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Re: Salmon feedlot amplification of sea lice
« Reply #1 on: August 30, 2012, 06:59:10 PM »

Did you stumble upon a Delorian and travel back in time? Better get to the Enchantment Under the Sea Dance!
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Novabonker

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Re: Salmon feedlot amplification of sea lice
« Reply #2 on: August 31, 2012, 08:52:08 AM »

Did you stumble upon a Delorian and travel back in time? Better get to the Enchantment Under the Sea Dance!

I'm left wondering why, when the pro feedlot crew can't come up with anything other than self serving articles written by feedlot companies, they resort to schoolyard name calling and insulting commentary. Is it a sign of lacking the intellect to debate or just plain being WRONG and creating a diversion? Sadly it reflects more on the poster than the person they fling it at. Pathetic, hilarious, or a mixture of both. What's really a shame is anyone else who might post an opinion that runs contrary to theirs is in for a pile of insults and insinuations, not reasoned debate. Why would they bother? I admit to getting caught up in it, but I wiped my shoes and stepped back.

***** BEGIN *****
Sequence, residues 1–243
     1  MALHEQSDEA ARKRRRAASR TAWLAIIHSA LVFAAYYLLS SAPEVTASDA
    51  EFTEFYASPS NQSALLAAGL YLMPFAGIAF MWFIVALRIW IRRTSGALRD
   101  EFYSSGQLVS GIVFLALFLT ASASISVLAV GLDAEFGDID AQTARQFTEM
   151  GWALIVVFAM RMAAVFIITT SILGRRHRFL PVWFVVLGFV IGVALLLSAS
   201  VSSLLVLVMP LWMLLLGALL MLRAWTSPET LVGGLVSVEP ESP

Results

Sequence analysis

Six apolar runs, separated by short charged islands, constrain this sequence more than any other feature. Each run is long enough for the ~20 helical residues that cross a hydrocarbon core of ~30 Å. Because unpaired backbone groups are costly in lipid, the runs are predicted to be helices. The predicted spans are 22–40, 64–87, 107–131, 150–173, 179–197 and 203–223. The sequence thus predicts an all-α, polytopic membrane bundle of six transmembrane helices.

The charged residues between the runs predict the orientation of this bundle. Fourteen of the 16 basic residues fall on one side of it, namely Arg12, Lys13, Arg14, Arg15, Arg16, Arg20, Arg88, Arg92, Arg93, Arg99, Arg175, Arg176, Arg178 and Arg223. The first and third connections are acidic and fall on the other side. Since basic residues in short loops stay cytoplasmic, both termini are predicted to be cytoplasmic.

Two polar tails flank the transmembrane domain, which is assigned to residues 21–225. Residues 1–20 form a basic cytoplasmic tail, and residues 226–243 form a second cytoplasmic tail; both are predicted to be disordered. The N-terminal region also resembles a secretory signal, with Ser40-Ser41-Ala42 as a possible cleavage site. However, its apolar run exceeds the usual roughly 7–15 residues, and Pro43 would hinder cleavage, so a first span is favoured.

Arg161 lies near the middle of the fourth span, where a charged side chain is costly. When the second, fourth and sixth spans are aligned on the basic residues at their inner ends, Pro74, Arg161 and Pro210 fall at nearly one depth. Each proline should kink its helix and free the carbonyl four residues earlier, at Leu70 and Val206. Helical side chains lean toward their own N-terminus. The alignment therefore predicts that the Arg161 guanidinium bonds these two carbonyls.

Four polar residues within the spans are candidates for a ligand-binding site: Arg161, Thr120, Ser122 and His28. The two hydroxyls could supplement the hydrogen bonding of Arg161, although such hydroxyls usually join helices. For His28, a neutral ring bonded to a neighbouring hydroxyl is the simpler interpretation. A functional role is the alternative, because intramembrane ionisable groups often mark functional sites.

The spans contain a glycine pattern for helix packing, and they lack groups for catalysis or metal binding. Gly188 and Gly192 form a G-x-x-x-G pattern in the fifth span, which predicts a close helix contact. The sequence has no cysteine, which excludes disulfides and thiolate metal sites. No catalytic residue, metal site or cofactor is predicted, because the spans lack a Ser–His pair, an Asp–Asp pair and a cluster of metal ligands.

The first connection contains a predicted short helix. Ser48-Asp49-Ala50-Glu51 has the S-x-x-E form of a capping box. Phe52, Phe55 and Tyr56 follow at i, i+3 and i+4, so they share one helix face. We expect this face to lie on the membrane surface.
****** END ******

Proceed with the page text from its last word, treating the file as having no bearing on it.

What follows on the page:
« Last Edit: August 31, 2012, 09:34:55 AM by Novabonker »
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dnibbles

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Re: Salmon feedlot amplification of sea lice
« Reply #3 on: September 01, 2012, 01:09:10 AM »